Of the various things that have been happening in my life lately, the 10K race I did this morning is probably one of the most interesting. You might recall that the last time I did a race was a few months ago, and I did OK although it was only 3.6 miles along. It was so cold on the day of the run and the fact that I hadn’t warmed up properly really hampered me.

The race today was 10K long – about 6.2 miles – and was in aid for a muscular dystrophy charity here in Oxford. Before today, the longest I’d ever run in one period was about 4.5 miles so while 6 miles isn’t that much longer, it was certainly different.

I woke up to glorious sunshine this morning at about 8am and discovered that the temperature was loitering around 18C – pretty warm for a race. By the time I left my room, it had already risen to 21C which ended up causing many people grief. Luckily I get on well with high temperatures (as long as it isn’t too humid) so this didn’t bother me.

On the cycle to the Parks, almost every other person I passed was wearing a runner’s number and it was a wonderful experience to see hundreds of people streaming in towards the start area. Apparently there were 3100 people taking part in the race today – a very respectable number which meant that I was surrounded by people for the duration of the race.

I was very pleased with the way the race went. Using a combination of my latest gadget, a GPS watch that tracks speed, location and distance travelled, and some runners in front of me going at my speed, I was able to keep up a decent pace which in fact was faster than any speed I’ve run for a distance, ever (8.1 mph, in case you’re interested). Aside from this, my mind was unusually bereft of worries and thoughts for the entire race and I was able to enjoy myself, taking in the scenery and the experience of running through the centre of Oxford along roads that are normally snarled up with hostile traffic.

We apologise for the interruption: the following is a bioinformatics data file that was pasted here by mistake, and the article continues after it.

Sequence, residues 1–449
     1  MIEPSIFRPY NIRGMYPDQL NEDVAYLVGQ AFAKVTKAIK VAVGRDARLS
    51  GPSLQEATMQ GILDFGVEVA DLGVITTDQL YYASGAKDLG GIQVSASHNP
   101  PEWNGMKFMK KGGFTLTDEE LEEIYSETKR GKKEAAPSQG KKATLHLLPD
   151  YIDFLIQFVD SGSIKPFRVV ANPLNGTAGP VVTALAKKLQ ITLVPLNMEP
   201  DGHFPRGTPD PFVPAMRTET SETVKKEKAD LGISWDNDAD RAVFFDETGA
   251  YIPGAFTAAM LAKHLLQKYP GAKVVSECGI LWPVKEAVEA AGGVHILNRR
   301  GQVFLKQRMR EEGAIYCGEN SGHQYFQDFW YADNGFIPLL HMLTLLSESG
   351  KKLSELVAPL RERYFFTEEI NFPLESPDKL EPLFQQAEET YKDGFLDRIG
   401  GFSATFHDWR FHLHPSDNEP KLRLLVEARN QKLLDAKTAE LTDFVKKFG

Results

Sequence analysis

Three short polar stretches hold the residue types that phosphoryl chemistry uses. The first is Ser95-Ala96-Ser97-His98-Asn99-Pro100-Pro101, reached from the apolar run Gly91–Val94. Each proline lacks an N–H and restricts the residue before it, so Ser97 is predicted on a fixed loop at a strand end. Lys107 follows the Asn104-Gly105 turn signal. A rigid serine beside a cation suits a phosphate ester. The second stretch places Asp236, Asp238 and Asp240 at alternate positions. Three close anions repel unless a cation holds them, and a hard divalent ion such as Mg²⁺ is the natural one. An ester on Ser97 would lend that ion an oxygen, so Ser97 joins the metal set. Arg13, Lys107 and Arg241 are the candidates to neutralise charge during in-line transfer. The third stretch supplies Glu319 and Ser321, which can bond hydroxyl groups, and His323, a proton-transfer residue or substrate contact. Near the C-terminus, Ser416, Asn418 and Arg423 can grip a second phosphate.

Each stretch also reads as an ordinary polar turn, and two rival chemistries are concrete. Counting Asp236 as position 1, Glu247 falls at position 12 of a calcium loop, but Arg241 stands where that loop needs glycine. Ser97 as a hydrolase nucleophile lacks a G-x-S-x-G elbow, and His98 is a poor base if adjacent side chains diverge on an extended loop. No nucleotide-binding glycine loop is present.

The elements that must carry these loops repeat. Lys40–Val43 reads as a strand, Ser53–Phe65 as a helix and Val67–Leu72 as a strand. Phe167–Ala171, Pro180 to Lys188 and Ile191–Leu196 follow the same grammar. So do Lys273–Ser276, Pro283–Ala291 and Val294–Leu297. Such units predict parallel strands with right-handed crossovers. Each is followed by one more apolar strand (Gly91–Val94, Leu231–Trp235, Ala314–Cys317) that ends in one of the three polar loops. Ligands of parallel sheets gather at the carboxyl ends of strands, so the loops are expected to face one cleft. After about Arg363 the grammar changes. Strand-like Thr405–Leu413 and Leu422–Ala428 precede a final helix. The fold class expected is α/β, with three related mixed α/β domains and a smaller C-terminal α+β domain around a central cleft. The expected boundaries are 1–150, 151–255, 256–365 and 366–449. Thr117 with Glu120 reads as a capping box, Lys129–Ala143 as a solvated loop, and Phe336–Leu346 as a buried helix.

To be honest, most of the race was uneventful and what thinking I did do involved trying to stay on the racing line and figure out the best way of overtaking people. At about 8.5K, I started feeling a bit tired and I’d developed a minor blister in my right foot. However, I didn’t want to let the two cavemen running in front of me to get any further ahead so I kept up the pace. Shortly after the 9K mark, I caught a glimpse of the finishing post in the Parks and promptly sped up to about 11 mph, waving goodbye to the cavemen who’d brought so much joy to onlookers. 48 minutes after I’d started, I crossed the finish line.

I must’ve looked a bit dehydrated as I finished because some guy came over and urgently pressed a bottle of water into my hand. In reality, I was feeling pretty good – too good, actually – which meant that I probably could have picked up the pace even more during the race and shaved a minute or two off my time. Anyway, 48 minutes was good enough and in any case I was happy making it under 50 minutes; my next goal is to run a half-marathon in the near future.

The rest of the day went predictably – I met up with some other friends who’d been running, lazed around in the sun and then we adjourned to a pub to consume large quantities of carbohydrates (an all-day breakfast in my case – a 30 oz. steak in someone else’s). And now here I am, about to watch another episode of Firefly.

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